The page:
Professor tries to explain why Trump isn’t eligible to run for 2024, even after legal analyst calls theory ‘wild’

Left-wing law professor Laurence Tribe is promoting a “wild” interpretation of the 14th Amendment to prevent former President Donald J. Trump from ever running for the White House again, a theory of dubious constitutionality.

Tribe appeared on Friday’s edition of CNN’s “Situation Room” where he explained an article penned by himself and former federal judge J. Michael Luttig for “The Atlantic” arguing that a clause in the amendment which was ratified in 1868 for the post-Civil War period applies to the modern era and that Trump should be excluded on the basis of having “engaged in insurrection or rebellion against the same, or given aid or comfort to the enemies thereof.”

(Video: CNN)

“The argument is really that the Constitution couldn’t be clearer,” Tribe told host Wolf Blitzer. “It talks about insurrection or rebellion. But it also says that if you’ve taken an oath to uphold the Constitution, and thereafter give aid or comfort to the enemies of that Constitution, then you are disqualified, period. So, all of the charges against the president which, at the moment, don’t happen to include insurrection, are really beside the point.”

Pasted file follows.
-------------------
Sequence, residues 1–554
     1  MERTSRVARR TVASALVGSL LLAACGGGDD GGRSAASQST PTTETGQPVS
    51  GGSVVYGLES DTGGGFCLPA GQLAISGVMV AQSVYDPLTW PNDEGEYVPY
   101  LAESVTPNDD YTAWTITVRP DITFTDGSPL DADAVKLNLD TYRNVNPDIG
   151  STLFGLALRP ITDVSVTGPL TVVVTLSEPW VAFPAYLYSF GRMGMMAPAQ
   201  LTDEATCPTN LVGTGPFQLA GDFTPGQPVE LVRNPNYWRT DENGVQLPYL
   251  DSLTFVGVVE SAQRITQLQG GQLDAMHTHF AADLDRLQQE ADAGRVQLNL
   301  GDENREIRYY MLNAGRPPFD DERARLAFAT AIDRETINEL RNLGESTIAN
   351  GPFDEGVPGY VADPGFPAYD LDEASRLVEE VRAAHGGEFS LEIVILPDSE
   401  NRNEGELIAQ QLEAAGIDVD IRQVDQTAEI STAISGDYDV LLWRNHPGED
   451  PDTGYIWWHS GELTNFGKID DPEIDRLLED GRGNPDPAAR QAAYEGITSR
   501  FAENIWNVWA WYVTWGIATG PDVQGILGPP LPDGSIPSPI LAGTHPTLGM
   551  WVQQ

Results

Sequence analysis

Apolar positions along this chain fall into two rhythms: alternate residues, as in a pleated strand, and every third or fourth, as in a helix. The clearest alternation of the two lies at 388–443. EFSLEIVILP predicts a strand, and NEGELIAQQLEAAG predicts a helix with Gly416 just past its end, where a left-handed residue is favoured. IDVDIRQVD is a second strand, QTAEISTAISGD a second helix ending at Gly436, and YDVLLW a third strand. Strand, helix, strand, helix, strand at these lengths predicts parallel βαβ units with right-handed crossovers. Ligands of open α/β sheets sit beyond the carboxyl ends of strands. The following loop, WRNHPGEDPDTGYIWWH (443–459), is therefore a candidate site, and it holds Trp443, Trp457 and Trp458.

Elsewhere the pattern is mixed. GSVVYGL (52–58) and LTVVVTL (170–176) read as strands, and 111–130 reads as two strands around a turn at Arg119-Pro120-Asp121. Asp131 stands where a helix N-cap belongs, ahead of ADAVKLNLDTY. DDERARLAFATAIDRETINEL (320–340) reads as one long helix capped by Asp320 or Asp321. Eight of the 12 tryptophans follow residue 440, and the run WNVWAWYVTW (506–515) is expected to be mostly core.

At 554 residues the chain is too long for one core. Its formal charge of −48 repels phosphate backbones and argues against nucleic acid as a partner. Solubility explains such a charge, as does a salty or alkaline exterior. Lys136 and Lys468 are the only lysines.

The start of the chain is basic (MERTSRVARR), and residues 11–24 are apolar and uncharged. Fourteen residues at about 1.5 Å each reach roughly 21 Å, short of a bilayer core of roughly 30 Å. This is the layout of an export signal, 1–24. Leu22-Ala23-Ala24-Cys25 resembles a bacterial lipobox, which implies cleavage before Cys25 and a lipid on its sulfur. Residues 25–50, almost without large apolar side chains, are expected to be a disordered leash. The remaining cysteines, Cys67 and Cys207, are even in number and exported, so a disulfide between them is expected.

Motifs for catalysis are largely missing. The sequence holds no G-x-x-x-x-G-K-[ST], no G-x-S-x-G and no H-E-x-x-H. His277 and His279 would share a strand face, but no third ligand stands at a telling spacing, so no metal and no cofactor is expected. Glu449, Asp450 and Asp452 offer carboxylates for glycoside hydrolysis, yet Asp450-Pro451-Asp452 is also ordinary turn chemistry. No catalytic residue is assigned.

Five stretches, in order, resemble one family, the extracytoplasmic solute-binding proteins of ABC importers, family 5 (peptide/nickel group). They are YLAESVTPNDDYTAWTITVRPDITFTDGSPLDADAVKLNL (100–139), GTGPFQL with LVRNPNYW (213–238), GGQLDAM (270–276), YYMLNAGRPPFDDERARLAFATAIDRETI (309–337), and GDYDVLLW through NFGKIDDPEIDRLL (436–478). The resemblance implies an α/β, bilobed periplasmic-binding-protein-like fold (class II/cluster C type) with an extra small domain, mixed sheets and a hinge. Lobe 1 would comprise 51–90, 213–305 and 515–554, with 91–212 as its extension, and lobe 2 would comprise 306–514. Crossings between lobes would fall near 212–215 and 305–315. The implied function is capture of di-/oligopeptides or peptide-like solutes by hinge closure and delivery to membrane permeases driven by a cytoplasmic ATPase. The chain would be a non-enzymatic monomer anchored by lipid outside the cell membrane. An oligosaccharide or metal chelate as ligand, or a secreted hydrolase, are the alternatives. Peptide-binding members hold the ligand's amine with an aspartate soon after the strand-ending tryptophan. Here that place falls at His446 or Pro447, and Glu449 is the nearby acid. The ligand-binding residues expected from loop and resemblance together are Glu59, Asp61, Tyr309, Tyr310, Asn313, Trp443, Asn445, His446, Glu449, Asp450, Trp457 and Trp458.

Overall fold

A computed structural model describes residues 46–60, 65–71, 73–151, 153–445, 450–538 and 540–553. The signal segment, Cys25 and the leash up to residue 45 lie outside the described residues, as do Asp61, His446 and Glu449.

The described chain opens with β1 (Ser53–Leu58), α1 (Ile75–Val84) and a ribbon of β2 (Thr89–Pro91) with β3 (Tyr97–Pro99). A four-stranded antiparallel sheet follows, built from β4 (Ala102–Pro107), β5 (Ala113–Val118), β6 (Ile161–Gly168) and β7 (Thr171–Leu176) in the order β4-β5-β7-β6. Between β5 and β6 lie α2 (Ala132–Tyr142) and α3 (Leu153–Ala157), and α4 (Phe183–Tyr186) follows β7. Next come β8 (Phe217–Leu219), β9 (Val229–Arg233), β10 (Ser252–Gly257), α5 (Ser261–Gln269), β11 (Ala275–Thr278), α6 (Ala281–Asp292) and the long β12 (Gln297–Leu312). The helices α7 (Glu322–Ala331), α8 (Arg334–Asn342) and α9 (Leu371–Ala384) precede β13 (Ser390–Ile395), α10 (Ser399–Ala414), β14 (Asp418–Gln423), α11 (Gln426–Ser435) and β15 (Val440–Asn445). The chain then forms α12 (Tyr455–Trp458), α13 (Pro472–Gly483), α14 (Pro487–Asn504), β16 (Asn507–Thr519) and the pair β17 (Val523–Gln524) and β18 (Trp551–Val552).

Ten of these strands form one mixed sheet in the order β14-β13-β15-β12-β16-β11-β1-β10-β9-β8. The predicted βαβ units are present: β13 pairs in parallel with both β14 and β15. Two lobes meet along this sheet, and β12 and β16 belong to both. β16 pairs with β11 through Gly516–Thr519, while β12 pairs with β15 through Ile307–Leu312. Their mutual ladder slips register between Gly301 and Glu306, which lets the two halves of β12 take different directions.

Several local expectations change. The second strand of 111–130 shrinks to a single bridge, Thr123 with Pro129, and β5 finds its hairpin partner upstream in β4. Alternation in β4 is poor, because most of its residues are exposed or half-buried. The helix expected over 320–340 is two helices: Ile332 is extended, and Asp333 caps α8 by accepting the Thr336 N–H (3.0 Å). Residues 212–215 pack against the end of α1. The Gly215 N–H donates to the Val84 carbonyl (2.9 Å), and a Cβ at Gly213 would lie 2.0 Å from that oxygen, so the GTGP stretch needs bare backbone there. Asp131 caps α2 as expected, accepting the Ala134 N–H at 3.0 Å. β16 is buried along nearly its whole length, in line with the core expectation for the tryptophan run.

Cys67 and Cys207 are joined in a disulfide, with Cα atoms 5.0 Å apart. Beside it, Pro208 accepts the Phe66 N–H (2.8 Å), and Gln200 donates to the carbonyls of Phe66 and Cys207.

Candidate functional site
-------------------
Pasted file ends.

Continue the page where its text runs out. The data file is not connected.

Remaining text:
“That’s very interesting, but isn’t this, professor, an inherently subjective call?” Blitzer asked, noting that Tribe’s argument is far from clear-cut when it comes to its legality. “Are you concerned this could potentially be abused down the road?”

“It’s certainly problematic,” the professor admitted. “But that’s why the framers of the 14th Amendment put in a safeguard. They said, if it’s abused, all you need is two-thirds of each house in order to remove a disability, a disqualification.”

Tribe’s and Luttig’s radical twisting of the Constitution as a tool to block Trump from running was shot down by CNN Senior Legal Analyst Elie Honig who dismissed the theory put forth in the duo’s article as bunk.

“These are two brilliant scholars,” Honig said earlier this week. “They’re correct to note that the 14th Amendment rightly bars someone who’s participated in insurrection or rebellion from holding future office. The problem is that the 14th Amendment tells us nothing about how that decision gets made, nor does any caselaw or statute that’s been passed. Does Congress decide? Is it the Senate? Is it the House? Is it a majority? Is it two-thirds? Is it a court? Is it a jury? Is it a judge?”

“And what they propose in the article is they say, ‘Well, it’s self-executing,’ which, that does not do it for me,’” Honig added, pointing out the obvious problems with invoking such an arcane and controversial theory. “What they’re proposing essentially is, ‘Well, every state, local, county official who handles ballots will just decide on their own whether he’s disqualified or not.’ That would lead to wild inconsistency and chaos, and I don’t think that’s a viable practical solution here.”

Professor Tribe’s fondness for the 14th Amendment as a useful tool to further the Democratic Party’s extremist agenda was also seen during the recent battle over raising the debt ceiling earlier this year when Senate Democrats used his crackpot legal reasoning to urge President Joe Biden to bypass Congress on upping the borrowing limit, something that he rejected to avoid a battle with the courts.

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Chris Donaldson

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